GoPro (NASDAQ:GPRO) is in a tailspin. Sales of its action cameras are plummeting, prospects of the anticipated and much delayed Karma drone are highly uncertain, and as the company reports its second consecutive quarterly loss, its cash reserves are running uncomfortably low. In these difficult times, GoPro needs a clear direction and strong leadership, but instead management seems to be all over the place, spending large amounts of money on share repurchases and software acquisitions, only to later enter into a credit agreement for a secured revolving credit facility. In the meantime, investors' expectations are reaching new lows as the stock is back to single digits and trading near its 52-week lows.
The company's Q1 2016 earnings results were weak across the board. Revenue of $183M was down 50% year-on-year, while non-GAAP EPS crashed to -$0.63, a huge 363% drop. These significant declines should serve as a reminder to investors of the risks associated with cash flows dependent on a single product line with a niche appeal. GoPro has been working on diversifying its revenue streams for some time and plans to enter a new product category with the anticipated Karma drone later in the year, but further investments in new product development and M&As will be inevitably limited when the cash and equivalents are at just $389M (down $85M from year-end) and the company keeps losing money. To address its cash needs and gain more flexibility, GoPro had to enter into a $250M secured revolving credit facility.
GPRO bulls are now pinning their hopes on the upcoming new products, namely the latest update in the Hero action camera line, the Hero5, and the Karma drone, the company's first major new product category since it pioneered the action camera market. Regarding the Hero5, I don't think the product can reverse the downward trajectory of GoPro's sales. Their large decline points to structural problems in the action camera market, which has a niche appeal and limited TAM, and has now reached market saturation levels. The potential of the category is further limited as consumers increasingly capture their lives with smartphones - the most convenient product for video capture, access and editing. I expect action cameras will become further irrelevant as smartphone cameras gain increased durability, more features like optical zoom, and better image quality. The Hero5 cannot change any of these trends, and nor can GoPro's investments in software and making offloading, accessing and editing GoPro content easier.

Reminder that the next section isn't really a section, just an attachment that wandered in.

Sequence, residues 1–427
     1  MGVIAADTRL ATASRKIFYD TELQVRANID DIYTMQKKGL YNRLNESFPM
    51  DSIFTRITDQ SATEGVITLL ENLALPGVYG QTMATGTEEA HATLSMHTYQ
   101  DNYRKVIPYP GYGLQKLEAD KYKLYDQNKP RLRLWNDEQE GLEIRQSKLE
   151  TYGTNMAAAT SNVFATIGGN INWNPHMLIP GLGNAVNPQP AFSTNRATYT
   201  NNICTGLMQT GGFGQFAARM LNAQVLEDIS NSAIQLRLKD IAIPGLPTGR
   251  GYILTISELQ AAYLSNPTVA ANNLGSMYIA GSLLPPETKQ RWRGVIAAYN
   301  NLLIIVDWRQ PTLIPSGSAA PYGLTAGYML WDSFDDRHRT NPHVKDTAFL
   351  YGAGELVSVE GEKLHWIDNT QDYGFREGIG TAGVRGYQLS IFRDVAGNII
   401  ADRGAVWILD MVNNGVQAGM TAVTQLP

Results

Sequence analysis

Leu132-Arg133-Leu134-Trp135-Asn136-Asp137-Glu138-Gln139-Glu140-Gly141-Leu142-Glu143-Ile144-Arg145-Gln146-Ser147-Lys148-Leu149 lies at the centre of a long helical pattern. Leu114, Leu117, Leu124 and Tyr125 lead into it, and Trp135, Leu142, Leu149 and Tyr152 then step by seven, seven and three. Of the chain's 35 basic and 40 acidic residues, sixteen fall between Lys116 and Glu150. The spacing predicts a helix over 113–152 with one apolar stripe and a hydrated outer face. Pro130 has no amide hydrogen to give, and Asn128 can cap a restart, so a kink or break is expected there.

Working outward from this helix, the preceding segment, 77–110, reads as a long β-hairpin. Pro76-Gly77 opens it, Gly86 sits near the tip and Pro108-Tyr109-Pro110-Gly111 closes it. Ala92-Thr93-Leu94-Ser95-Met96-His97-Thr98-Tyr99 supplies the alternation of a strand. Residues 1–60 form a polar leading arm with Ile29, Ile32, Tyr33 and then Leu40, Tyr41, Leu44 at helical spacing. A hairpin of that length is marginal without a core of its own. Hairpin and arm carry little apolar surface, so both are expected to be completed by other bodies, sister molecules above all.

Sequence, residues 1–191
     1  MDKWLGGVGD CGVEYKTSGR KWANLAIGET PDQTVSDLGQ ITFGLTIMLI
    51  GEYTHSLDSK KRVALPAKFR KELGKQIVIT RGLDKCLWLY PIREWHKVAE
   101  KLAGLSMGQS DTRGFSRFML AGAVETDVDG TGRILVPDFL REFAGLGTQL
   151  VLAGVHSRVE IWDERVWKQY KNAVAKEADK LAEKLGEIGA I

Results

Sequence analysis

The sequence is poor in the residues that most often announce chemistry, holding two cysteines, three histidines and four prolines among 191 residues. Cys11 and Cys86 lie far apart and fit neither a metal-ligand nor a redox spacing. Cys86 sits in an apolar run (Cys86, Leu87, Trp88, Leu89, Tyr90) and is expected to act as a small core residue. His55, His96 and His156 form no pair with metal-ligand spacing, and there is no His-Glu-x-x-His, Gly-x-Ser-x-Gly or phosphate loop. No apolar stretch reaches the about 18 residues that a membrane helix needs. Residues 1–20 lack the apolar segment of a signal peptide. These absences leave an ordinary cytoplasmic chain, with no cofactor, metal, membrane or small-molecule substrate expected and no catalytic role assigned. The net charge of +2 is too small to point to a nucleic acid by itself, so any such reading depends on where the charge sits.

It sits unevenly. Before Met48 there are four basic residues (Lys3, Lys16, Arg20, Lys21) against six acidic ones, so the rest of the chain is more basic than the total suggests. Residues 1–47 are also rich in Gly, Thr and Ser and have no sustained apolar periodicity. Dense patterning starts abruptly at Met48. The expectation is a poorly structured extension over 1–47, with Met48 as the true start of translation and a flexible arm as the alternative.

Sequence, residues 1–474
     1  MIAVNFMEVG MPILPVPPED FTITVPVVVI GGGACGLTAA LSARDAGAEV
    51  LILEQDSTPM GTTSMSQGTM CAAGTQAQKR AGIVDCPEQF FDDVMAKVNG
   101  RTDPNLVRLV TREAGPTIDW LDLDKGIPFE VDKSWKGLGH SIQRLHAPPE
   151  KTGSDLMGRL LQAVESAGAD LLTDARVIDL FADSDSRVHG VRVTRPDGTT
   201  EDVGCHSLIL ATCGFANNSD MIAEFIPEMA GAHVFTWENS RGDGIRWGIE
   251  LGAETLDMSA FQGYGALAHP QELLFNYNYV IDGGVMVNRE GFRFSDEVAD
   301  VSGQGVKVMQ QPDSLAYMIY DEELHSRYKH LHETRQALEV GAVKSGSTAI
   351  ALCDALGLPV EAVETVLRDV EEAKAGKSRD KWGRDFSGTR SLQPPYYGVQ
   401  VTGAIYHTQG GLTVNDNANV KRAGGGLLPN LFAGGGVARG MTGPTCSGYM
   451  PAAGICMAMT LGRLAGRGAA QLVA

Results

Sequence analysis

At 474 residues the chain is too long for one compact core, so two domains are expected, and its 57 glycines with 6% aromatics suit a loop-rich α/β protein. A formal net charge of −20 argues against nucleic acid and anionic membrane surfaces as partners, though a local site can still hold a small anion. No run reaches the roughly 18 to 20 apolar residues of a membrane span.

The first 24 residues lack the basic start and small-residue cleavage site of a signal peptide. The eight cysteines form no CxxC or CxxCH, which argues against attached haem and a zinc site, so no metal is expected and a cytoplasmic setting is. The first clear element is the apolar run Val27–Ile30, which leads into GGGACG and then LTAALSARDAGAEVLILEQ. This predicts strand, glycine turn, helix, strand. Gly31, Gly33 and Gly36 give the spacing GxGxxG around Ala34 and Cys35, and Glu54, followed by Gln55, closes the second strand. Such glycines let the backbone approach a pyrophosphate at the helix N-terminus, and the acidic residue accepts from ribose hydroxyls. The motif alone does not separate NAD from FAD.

The Karma drone then represents a wild card. Given the dynamics at play, it is very hard to model cash flows from this product. There are significant differences in revenue forecasts for the young civilian UAV market, and little is known about the Karma's features, specifications and pricing. I have no doubt that from a marketing perspective, the product fits well the company's lifestyle brand and has potential. On the other hand, the long and troubled development suggests GoPro struggles with its resources and competences when it comes to moving beyond making digital camera products from off-the-shelf components. As GoPro has no room to further delay the Karma beyond this holiday season, will the product's features and/or quality be impacted when it finally ships? In the meantime, there are many strong competitors already established in the civilian drone market and some powerful alliances like the market leader DJI's distribution deal with Apple. Betting on the Karma is simply a lottery.
What we are left with is much uncertainty and very low expectations for GoPro's future. Analysts continue to revise down their earnings forecasts and see EPS losses beyond 2016.
Source: Nasdaq, Zacks Investment Research
The current share price may be tempting for some investors. However, if a stock looks cheap, that doesn't mean it is not expensive. There are significant problems with GoPro which make further downside likely. The dangerous trajectory of the company's core business, uncertain prospects of the new products, and management's lacking strategy and leadership make GPRO an extremely risky investment. The recent hiring of the talented ex-Apple (NASDAQ:AAPL) designer Daniel Coster as vice president of design shows the company is aware of some its shortcomings and wants to make industrial design and creating new exciting products a key focus of its new strategy. However, consider that the success rate of company turnarounds according to various case studies (Bibeault, Slatter) is just 25-33%. The odds are against GPRO.
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